A team's Definition of Done is "that team's" statement that no more work is left to be done on that piece of functionality. Depending on the maturity of the team the definition of Done may be more narrow or more broad. There is no one "Standard" Definition of Done that can be applied to all projects and teams. The details of the Definition of Done will vary based on team as well as solution maturity and the type of work the team does.
The Acceptance Criteria for the User Stories, created by the Product Owner through customer meetings, will be the basis for the Definition of Done. Durring Sprint Planning the User Stories and Acceptance Criteria will be reviewed and refined. The refined Acceptance Criteria will then be presented to the customer for approval being added to the Project Backlock and scheduled into a Sprint for completion. In most cases, a new agile team will adopt a narrower definition of done. A new team may not have yet implemented enough automation to get to a broader definition in the short span of time allowed by a two-week sprint. On a new project the Definition of Done may be more narrow as well since the may not be enough of the solution completed to justify a deployment to QA. A narrow or Minimal Definition of Done might include simple things such as:
- Build completes successfully
- Automated Unit Tests complete successfully
- Automated Integration Tests complete successfully
- All Acceptance Criteria is met
A definition of done of this scope makes good sense for a team struggling just to stay on track with completing scrum ceremonies in a timely fashion.
As the team perfects the scrum ceremonies and their agile cadence takes hold it will then be time to expand the team's definition of done. A more expanded definition of done might include additional things like:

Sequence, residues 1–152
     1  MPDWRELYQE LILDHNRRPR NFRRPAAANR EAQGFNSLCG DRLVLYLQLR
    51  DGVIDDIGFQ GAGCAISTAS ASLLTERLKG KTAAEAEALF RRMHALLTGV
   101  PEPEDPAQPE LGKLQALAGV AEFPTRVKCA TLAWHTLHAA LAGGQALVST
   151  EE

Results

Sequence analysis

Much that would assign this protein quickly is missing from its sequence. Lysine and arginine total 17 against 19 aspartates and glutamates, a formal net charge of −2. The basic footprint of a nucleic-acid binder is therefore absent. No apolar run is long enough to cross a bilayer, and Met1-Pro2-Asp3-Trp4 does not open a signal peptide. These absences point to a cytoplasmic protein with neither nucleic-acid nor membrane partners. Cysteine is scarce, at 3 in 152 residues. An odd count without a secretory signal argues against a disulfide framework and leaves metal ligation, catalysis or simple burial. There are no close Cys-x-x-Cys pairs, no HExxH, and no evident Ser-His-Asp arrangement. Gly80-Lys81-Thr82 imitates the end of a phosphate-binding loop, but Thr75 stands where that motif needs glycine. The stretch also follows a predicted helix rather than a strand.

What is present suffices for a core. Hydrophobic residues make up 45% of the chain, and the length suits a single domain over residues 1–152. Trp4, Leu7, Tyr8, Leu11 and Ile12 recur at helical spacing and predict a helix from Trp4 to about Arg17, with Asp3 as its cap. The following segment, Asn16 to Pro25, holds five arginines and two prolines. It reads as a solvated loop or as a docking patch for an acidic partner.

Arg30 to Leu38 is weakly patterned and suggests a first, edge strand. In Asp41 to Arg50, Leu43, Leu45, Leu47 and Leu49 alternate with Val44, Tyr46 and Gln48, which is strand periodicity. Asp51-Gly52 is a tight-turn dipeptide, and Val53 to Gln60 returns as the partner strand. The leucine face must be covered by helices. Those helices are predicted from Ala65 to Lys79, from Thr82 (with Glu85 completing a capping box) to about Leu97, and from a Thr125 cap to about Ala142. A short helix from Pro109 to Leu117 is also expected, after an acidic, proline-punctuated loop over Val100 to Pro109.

- Deployment to the QA environment completes successfully
- Automated acceptance tests passing
- Automated Load Tests completing successfully
- Automated Stress Tests completing successfully
Note: These items are completed in addition to the items in the Minimal Definition of Done.
As you can see getting to this broader definition of done might prove challenging if your team is still performing deployments and tests manually. In more arcane development days past the development team would celebrate and wash their hands of the project, exclaiming "Done! We're going to Tahoe", as soon as the coding was complete but long before any tests or security scans were run or the solution was successfully deployed to QA let alone production. It is this "Tahoe Effect" that we are looking to avoid with a broader Definition of done.
In short Defining "Done" and posting your definition in a highly visible place where the entire team has access will serve as a constant reminder of what Done really means. This well understood Definition of Done will go a long way toward building quality into your solutions earlier in the Delivery Pipeline and build confidence with downstream teams.